By Shakeh Avoyan
Armenia is 44th among 181 economies by the overall ease of doing business in the country, according to the latest study by the World Bank and the International Financial Corporation.
In last year’s Doing Business report Armenia ranked 41st, but the number of evaluated economies then was 178.
“Throughout the year, Armenia reorganized its court system and overhauled the procedural code. New requirements to frontload evidence eased contract enforcement, removing one procedure and reducing the time required to resolve commercial disputes,” the report said. “Armenia also significantly reduced the cost to obtain construction permits in Yerevan by abolishing “mandatory charitable contributions” paid to obtain the right to design.”
“However, despite these steps, Armenia’s ranking in some critical areas of the business environment, such as the ease of paying taxes and trading across borders, remained very low, highlighting the importance of pursuing reforms ambitiously so as to strengthen Armenia’s competitiveness and attractiveness to investment,” mentioned Aristomene Varoudakis, Armenia Country Manager, the World Bank.
Doing Business ranks economies based on 10 indicators of business regulation. It provides a quantitative measure of regulations for starting a business, dealing with construction permits, employing workers, registering property, getting credit, protecting investors, paying taxes, trading across borders, enforcing contracts and closing a business – as they apply to domestic small and medium-size enterprises.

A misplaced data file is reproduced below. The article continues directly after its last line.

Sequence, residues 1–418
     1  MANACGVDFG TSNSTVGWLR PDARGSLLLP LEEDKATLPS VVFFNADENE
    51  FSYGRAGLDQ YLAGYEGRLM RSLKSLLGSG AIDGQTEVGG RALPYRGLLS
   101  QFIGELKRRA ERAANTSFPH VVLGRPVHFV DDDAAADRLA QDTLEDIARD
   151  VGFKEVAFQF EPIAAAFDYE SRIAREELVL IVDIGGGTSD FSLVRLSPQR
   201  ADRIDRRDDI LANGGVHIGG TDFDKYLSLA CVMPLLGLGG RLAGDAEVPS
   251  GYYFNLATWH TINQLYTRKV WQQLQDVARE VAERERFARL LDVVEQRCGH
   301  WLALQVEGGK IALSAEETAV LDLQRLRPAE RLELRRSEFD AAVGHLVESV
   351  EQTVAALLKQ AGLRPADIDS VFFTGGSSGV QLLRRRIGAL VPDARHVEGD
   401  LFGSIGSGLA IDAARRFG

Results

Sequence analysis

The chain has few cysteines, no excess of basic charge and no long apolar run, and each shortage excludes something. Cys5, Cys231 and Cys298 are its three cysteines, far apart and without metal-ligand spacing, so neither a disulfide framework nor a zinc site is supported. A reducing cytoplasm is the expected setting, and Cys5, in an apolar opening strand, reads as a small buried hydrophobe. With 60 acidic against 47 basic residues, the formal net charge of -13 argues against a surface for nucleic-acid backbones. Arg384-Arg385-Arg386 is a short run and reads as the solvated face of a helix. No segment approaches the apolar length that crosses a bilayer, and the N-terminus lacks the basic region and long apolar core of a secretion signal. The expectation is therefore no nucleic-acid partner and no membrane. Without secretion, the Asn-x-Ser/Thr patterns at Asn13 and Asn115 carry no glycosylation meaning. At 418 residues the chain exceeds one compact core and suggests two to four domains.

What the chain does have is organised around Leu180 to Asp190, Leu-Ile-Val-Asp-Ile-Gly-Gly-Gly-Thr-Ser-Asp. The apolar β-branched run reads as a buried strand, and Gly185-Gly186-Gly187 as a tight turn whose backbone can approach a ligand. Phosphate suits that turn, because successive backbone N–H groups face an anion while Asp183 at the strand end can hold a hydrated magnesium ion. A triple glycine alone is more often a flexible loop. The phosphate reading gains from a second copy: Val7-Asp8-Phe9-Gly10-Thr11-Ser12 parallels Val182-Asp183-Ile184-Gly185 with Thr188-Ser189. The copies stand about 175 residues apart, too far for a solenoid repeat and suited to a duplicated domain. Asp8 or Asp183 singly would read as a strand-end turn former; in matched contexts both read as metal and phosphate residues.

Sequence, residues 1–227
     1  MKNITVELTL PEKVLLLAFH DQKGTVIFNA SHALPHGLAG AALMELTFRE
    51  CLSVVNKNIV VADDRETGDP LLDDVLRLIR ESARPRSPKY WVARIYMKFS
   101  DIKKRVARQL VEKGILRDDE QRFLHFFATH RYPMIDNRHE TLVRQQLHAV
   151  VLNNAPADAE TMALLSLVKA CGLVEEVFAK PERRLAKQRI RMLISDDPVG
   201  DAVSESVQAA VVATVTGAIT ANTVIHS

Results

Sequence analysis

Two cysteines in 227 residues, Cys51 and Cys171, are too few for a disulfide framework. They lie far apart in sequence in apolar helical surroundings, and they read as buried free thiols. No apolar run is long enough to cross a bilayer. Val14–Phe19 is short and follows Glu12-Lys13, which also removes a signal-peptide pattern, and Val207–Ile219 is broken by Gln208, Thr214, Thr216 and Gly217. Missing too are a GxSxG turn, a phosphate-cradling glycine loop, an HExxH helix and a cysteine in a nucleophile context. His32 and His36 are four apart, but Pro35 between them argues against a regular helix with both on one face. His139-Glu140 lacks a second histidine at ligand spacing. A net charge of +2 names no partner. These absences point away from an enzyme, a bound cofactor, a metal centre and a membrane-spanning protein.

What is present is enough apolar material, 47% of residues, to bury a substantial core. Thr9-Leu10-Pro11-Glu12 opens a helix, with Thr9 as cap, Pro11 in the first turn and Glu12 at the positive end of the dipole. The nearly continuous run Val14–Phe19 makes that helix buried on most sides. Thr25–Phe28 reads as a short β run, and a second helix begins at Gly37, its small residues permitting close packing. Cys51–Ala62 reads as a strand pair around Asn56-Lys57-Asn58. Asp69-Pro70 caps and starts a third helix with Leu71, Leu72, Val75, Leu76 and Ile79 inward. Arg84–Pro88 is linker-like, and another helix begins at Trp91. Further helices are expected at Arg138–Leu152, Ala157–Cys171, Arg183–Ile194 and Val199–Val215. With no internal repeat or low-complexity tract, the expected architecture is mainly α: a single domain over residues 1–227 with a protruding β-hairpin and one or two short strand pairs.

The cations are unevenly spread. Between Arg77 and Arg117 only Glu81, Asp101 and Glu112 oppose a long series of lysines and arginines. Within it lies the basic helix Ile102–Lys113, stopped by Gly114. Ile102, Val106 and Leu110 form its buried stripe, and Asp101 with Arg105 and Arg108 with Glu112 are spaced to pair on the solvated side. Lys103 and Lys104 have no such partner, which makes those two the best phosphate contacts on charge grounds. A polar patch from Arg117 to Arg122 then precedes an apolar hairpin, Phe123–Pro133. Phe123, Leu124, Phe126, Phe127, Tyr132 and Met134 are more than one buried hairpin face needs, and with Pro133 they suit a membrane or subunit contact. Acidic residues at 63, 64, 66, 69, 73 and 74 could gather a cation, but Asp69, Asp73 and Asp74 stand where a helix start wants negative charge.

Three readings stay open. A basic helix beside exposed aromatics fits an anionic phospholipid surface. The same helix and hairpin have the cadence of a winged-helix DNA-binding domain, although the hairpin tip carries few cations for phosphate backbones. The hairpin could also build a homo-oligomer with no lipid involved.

Armenia’s neighbor Azerbaijan is estimated as the country with the biggest progress in reforming business regulations, as it rose from 97 to 33 in the global rankings on the ease of doing business. “The country undertook reforms in seven of the 10 areas studied by the report – speeding business startup, contract enforcement, and property registration; easing tax administration burdens and employment restrictions; and strengthening investor protections and credit information,” the report said.
“Economies need rules that are efficient, easy to use, and accessible to all who have to use them. Otherwise, businesses are trapped in the unregulated, informal economy, where they have less access to finance and hire fewer workers, and where workers lack the protection of labor law,” said Michael Klein, World Bank/IFC Vice President for Financial and Private Sector Development. “Doing Business encourages good rules, and good rules are a better basis for healthy business than “who you know”, he added.
Among the top ranked economies in the study are Singapore, New Zealand, the United States, Hong Kong (China), Denmark, the United Kingdom, Ireland, Canada and others.